In order to comply with the Regulations of 1924, a complete
investigation was made into all the cases, which had been notified
since the introduction of notification. Cases were removed in which
after notification the diagnosis of tuberculosis is agreed not to be
established, or the patient in due course attains a condition in which
he may be regarded as cured of the disease.
After making the necessary corrections and investigations,
it was found that there were 198 cases of Pulmonary and Nonpulmonary
tuberculosis in the district.
During the year 35 patients suffering from Pulmonary Tuberculosis
were treated at a Sanatorium under the Middlesex CoUnty
Council scheme, and 11 at a hospital. In addition 5 cases of Surgical
Tuberculosis were treated at a Hospital.
Measles.—There were 16 deaths from Measles. This is the
highest number of deaths from Measles in one year since 1917.
In former Annual Reports it has been commented upon that
Measles had become much less virulent. Possibly, this diminished
virulence was partly due to the fact that the disease had for some
years appeared in epidemic form in the summer. It is known that a
summer epidemic of Measles is less fatal than a winter one. Not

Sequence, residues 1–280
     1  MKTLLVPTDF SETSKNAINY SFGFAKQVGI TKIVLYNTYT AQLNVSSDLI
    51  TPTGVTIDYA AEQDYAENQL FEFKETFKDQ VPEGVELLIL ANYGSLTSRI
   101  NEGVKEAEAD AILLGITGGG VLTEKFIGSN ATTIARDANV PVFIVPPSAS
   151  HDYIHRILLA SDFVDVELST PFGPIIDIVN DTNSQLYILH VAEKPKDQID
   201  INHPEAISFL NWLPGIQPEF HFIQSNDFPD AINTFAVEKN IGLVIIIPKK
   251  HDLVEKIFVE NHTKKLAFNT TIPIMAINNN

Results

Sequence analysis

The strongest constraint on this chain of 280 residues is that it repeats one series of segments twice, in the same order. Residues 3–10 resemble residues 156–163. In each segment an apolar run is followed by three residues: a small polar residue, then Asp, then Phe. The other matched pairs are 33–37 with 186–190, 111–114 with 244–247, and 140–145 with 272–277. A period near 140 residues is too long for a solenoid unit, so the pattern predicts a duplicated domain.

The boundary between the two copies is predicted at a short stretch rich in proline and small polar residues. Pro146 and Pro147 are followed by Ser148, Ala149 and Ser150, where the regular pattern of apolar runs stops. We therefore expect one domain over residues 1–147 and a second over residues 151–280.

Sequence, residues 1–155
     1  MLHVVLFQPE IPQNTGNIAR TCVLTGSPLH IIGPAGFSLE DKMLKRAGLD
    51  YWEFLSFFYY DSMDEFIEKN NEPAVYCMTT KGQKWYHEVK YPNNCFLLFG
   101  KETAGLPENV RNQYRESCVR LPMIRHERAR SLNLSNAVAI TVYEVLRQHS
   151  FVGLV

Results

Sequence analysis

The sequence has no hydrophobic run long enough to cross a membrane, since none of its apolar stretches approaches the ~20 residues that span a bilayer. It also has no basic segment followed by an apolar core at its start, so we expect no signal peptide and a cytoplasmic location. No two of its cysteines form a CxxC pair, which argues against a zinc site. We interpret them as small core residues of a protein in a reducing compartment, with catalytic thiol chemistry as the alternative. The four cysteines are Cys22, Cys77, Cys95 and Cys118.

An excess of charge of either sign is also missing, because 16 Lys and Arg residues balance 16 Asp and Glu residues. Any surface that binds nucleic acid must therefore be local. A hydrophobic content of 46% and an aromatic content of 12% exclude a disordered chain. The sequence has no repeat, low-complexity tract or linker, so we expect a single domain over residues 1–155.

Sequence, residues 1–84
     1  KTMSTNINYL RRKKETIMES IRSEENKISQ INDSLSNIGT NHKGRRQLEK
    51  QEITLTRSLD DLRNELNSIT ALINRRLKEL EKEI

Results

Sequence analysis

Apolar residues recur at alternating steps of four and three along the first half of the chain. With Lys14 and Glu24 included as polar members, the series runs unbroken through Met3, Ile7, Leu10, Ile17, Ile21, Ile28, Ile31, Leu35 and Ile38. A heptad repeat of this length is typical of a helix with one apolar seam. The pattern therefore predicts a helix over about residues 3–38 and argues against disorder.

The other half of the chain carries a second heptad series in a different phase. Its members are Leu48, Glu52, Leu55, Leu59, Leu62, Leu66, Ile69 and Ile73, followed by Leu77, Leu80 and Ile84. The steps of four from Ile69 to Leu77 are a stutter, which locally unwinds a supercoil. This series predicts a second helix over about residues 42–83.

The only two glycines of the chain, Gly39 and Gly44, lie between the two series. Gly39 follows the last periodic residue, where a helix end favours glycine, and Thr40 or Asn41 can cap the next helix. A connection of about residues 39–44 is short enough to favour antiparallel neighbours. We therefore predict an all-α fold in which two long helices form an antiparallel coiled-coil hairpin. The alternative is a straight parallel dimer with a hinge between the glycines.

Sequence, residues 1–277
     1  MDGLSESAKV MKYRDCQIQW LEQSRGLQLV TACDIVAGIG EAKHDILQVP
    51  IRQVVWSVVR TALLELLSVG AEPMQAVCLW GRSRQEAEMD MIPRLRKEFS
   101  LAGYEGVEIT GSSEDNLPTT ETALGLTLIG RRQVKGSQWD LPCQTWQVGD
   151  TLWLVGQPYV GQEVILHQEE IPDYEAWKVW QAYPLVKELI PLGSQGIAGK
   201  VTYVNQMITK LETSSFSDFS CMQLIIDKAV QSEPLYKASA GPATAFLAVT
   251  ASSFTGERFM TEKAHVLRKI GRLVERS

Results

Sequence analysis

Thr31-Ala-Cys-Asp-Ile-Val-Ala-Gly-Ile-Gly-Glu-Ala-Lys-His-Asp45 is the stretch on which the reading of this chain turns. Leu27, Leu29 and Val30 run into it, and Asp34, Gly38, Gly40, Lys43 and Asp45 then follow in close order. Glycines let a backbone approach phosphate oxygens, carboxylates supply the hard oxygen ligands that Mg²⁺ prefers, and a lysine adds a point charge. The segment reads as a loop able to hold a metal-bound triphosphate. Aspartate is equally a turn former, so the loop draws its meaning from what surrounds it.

only are the lung complications less frequent, but the disease itself
appears to be of a less virulent type. This is probably not a sufficient
explanation. Last year the epidemic was entirely a winter
one, and yet the fatality though higher than that of recent years,
was much lower than formerly when a winter epidemic occurred.
It is too soon to express any general opinion, because, Measles
in former times has assumed degrees of virulence. Towards the
end of last century and the beginning of this, throughout the kingdom
the mortality from Measles became markedly increased. In
the last decade, the mortality has been considerably lower. There
does not seem to be much difference in the type of the disease. The
reduced mortality may be related to another phenomenon, which
is noticeable in our vital statistics.
Comment is frequently made upon the greatly reduced
infantile mortality, but although not so frequently commented
upon, the reduction in the mortality in the age-period 1-5 years is
almost, if not fully so marked.
This is not the place to discuss the general question of the
effect of infant welfare work upon the mortality between the ages of
1 and 5 years. There are or there were two schools of thought.
On the one hand it was contended that the work of infant welfare
was worse than useless, as it tended to perpetuate the weaklings.
Figures have disproved this theory. It is now generally held that
the infant welfare work results, not only in the saving of infant
lives, but in an improved physique in later years. Formerly, when